There is no shortage of film festivals in the town of Ann Arbor but at this time of year I always get a pang of homesickness when I see the schedule for Birmingham’s own Shock & Gore.
Though London’s FrightFest has been recommend to me by horror buffs, film critics and magazine editors over the years, I will always reserve a special love for the bloody brilliant horror fest staged by the Electric Cinema. And this year’s festival is of particular personal interest as there is a documentary on local artist (and evil genius) Tom Ellis of Curious Oddities.
Perhaps you have attended a Shock & Gore film and had the disturbing pleasure of encountering some of Tom’s work, or walked past his chilling window display at the Great Western Arcade.
My personal favourite Curious Oddity was the monster baby in a pram left by the upstairs screening room door. If it didn’t put me off parenthood for an extra couple of years on sight, it definitely gave me the willies when a member of staff pulled a cord on the baby’s back and it started writhing around in the pram and emitting demonic baby laughter! I kinda want one now.
I love the way the Great Western gave over its vacant window space to artists such as Mr Ellis in the wake of the financial crisis. His collection of curious oddities, such as weird sea creatures, dirty dolls furniture and yarn eggs – with eyes (!) made me wish the door to the shop front would open and I could go in and see just how dark things got…but then I was afraid of how dark things could get.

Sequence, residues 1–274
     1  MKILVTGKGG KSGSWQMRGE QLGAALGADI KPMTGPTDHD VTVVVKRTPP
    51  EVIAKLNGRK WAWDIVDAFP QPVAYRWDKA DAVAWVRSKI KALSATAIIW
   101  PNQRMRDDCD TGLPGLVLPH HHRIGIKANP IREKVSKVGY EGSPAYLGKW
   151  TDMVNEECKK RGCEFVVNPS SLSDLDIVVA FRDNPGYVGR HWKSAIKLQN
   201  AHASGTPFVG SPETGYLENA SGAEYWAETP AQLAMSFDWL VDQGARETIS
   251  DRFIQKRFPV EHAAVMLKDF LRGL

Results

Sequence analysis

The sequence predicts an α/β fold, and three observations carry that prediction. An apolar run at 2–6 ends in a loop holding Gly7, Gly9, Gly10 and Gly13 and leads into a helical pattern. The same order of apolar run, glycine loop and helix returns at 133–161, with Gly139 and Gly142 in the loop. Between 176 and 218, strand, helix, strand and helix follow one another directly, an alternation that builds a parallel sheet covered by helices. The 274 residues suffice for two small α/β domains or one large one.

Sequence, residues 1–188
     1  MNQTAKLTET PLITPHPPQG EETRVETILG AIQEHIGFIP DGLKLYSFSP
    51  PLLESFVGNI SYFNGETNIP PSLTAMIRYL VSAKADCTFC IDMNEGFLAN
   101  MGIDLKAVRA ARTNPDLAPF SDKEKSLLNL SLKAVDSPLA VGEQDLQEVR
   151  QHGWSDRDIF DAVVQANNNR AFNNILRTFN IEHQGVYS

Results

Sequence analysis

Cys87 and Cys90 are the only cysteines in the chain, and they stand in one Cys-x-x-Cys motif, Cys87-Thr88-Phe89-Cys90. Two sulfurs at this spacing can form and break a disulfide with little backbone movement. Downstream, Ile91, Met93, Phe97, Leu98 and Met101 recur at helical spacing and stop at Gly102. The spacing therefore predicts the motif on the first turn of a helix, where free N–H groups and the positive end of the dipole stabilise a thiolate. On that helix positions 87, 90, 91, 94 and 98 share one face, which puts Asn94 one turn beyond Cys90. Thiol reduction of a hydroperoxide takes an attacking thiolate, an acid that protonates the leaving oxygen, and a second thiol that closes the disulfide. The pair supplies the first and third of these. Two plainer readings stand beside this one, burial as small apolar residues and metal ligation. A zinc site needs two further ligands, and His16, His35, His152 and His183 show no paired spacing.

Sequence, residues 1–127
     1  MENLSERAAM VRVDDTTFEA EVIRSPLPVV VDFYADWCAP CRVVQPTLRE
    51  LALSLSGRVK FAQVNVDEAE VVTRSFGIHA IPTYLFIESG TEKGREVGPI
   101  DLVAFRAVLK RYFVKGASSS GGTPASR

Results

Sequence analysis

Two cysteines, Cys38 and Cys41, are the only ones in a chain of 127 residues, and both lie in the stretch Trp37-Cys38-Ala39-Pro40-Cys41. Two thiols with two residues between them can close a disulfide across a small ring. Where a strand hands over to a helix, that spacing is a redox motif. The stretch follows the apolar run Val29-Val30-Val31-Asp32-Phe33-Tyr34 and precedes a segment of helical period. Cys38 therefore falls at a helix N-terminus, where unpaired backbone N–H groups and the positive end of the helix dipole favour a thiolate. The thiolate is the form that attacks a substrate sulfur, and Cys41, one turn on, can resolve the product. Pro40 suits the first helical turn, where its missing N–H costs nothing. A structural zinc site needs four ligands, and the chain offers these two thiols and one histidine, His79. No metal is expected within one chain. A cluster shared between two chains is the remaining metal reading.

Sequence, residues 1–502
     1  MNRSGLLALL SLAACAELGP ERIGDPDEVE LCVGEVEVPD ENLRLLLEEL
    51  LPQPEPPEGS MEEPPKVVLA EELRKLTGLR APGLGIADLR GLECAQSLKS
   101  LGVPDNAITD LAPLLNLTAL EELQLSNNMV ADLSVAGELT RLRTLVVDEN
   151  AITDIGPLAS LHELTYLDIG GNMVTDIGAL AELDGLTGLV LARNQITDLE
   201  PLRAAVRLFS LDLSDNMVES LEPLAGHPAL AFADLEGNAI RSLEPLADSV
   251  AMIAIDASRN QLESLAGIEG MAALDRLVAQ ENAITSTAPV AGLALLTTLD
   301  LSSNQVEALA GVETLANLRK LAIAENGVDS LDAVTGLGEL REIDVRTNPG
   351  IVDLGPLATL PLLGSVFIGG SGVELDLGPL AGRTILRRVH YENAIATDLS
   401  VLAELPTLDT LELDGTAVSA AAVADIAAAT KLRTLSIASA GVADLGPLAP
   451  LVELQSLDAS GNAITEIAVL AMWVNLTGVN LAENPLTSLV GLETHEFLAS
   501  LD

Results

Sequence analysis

I wondered whether to try and interview him for this humble blog – in a public place of course, in case he took me to a cave with malevolent goblins living in the walls. His creatures seemed so lovingly made, detailed and worn-in and I was genuinely intrigued by how he made them. So I walked over to the GWA and the shop front had vanished. And I had lost his card from Shock & Gore, and was due to leave the country soon. I figured it was fate intervening and left it at that.
But now I am curious no longer; Tom’s friend, local filmmaker Andrew Rutter, has made a short documentary about the man and his craft. As I am so far away I caught it on Vimeo but think it will make a fabulous addition to the programme of shorts showing on Wednesday 22nd at 6.15pm at the Electric.
Tom’s sculptures are not the only reason that Shock & Gore continues to be such fun. The organisers think outside the box in terms of pairing films with scary activities. This year, a ghost walk around Birmingham precedes a showing of The Haunting (1963). Other creepy-cool experiences include an edible accompaniment to Shaun of the Dead, and an actual tutorial in how to kill the undead by Jonathan Ferguson who is a curator at the Royal Armory in Leeds and the definitive expert in vampire killing kits.
So if you like being scared, don’t be afraid of rocking up to some of these events laid on by the wizards of Shock & Gore.